Janine Barr

My name is Janine Barr and I am a second year graduate student pursuing a Master’s in Oceanography with Dr. Daphne Munroe as my advisor. I am based at the Haskin Shellfish Research Lab (HSRL) and I study the ecosystem services provided by oyster aquaculture in the Delaware Bay region.

My interest in studying oceanography at Rutgers stems from my experiences in environmental policy. My first policy experience occurred in the summer of 2014 when I interned for the US Department of State’s Bureau of Oceans and International Environmental and Scientific Affairs. Then, after graduating from Gettysburg College in 2015, I worked for three years as an ORISE Research Fellow for the US Environmental Protection Agency’s Office of Water. I enjoyed the work immensely which solidified my interest in pursuing a career in marine policy. Furthermore, in these roles I learned how important science and site-specific data are in creating implementable and protective environmental policies for the ocean. As a result, I felt that to be a more effective marine policymaker, I needed to enhance my understanding of the scientific field itself by attending graduate school. With almost a year and a half of my master’s completed, I have learned a great deal and look forward to learning more!

My research at Rutgers focuses on quantifying the water quality benefits provided by oyster farms in New Jersey and Delaware. Specifically, I am estimating farm-level year-round filtration and nitrogen removal occurring at three oyster farms to quantify local farm contributions to improved water quality. This involves bringing a flow-through filtration chamber to each farm site, placing local oysters in the chamber, and collecting oyster biodeposits for processing in the lab. We visit each farm site multiple times throughout the year to capture seasonal changes in oyster filtration behavior. We also expose some farmed oysters to low-salinity conditions to see how climate change stressors (i.e., increased frequency and intensity of precipitation events) may alter oysters’ ability to provide water quality benefits. My hope is that these results could be used to inform the development of nutrient management programs in the Delaware Bay region similar to those in the Chesapeake Bay and elsewhere in the world.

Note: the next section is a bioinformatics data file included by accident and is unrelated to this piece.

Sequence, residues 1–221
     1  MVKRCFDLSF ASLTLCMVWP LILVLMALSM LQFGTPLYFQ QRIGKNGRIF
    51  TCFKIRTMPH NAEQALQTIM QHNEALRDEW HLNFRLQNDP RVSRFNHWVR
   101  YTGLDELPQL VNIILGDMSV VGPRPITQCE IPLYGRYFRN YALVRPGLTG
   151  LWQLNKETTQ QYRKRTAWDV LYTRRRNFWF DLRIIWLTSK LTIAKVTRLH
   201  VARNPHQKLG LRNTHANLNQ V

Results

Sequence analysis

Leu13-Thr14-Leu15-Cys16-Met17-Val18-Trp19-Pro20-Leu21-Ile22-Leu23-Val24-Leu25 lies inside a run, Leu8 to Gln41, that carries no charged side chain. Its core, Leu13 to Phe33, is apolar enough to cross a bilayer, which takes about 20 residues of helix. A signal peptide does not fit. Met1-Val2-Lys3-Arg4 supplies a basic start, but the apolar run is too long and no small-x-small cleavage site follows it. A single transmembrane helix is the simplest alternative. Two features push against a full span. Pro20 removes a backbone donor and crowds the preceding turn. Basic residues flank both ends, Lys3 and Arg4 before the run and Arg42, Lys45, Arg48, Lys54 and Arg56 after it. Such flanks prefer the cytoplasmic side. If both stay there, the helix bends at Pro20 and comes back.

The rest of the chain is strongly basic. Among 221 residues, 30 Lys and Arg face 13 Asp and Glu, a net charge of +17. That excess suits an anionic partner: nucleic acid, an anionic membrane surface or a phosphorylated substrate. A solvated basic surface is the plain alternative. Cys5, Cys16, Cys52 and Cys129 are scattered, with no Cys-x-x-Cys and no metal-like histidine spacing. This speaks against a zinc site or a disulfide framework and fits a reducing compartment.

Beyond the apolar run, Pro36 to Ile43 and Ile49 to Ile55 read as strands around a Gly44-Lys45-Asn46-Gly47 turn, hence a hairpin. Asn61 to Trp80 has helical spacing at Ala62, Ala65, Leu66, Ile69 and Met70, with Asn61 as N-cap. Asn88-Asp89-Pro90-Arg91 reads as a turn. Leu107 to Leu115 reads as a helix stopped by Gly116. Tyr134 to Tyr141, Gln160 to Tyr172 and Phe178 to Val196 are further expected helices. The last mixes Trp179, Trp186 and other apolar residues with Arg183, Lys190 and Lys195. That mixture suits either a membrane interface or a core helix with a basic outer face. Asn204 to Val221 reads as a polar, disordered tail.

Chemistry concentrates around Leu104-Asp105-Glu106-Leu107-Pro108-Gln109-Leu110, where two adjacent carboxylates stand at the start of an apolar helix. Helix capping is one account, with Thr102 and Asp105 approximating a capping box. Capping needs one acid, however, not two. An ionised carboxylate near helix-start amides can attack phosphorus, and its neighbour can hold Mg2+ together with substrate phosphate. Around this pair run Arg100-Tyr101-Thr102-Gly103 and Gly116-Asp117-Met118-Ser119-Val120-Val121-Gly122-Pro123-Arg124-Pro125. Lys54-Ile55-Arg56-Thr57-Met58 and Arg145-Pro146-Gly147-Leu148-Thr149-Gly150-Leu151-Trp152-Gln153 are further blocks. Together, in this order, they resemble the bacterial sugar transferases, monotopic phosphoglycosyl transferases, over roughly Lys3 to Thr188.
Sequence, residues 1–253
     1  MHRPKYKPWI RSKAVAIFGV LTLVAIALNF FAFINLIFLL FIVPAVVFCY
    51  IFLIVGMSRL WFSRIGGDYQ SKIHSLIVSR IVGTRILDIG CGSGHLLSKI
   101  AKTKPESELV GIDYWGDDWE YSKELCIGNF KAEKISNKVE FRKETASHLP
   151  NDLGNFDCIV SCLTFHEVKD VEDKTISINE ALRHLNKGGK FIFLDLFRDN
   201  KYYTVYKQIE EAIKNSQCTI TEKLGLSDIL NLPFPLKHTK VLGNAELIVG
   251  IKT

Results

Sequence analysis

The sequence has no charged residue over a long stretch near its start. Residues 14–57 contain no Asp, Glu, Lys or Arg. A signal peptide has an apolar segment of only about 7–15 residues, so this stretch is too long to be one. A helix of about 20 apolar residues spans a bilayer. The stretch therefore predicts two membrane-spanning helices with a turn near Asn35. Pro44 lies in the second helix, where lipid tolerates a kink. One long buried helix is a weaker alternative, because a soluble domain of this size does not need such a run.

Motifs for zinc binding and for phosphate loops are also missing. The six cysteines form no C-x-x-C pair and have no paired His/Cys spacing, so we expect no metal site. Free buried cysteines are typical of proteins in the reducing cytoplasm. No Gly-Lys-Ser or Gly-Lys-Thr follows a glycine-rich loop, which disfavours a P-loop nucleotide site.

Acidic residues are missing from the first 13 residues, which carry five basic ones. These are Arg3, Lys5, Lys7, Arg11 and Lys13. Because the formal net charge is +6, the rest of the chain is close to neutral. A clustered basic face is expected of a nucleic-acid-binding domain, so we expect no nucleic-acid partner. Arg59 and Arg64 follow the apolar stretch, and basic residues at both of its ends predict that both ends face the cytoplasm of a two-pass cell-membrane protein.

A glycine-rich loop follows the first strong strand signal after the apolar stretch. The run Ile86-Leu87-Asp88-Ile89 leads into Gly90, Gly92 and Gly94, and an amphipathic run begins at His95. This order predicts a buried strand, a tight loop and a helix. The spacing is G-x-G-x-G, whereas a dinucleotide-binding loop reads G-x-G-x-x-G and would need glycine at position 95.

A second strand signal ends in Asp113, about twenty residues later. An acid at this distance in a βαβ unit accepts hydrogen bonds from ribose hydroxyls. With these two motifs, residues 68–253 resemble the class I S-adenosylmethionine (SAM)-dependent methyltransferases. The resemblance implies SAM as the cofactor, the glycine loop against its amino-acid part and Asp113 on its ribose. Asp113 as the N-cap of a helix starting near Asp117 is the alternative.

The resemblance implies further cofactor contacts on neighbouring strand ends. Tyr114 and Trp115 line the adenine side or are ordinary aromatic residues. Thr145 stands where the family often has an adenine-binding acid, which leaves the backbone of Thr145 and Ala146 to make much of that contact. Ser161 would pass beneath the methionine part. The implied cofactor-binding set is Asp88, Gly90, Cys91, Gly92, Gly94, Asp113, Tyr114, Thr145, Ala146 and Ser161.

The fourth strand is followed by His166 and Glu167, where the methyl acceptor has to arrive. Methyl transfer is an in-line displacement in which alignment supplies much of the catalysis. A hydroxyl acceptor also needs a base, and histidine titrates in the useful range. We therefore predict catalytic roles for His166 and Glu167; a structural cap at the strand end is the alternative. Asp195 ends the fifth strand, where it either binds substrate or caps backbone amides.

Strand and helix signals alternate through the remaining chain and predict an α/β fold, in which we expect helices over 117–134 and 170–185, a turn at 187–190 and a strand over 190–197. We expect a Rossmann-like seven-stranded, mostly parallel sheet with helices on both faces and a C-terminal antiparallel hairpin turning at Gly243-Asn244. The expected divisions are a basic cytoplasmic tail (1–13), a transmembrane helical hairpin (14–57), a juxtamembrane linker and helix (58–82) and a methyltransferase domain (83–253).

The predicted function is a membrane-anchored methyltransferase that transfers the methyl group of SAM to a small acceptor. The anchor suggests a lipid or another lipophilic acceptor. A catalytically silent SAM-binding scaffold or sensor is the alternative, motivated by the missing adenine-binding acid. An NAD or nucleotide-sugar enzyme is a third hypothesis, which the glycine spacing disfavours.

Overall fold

Rutgers has been a great place to attend graduate school. HSRL, for example, has the equipment, expertise, and long-standing relationships with the shellfish industry which make my thesis possible. Rutgers also has fostered my communication skills through the Coastal Climate Risk and Resilience (C2R2) program. The C2R2 program trains graduate students from across the University to build skills needed to address real-world resilience issues in the face of climate change. In these ways, Rutgers has helped me grow academically and professionally.

Outside of work, I enjoy hanging out (virtually!) with friends, finding the best Taylor ham breakfast sandwich in Jersey, and doing yoga. Feel free to reach out to me at jmb883@hsrl.rutgers.edu with any questions you may have!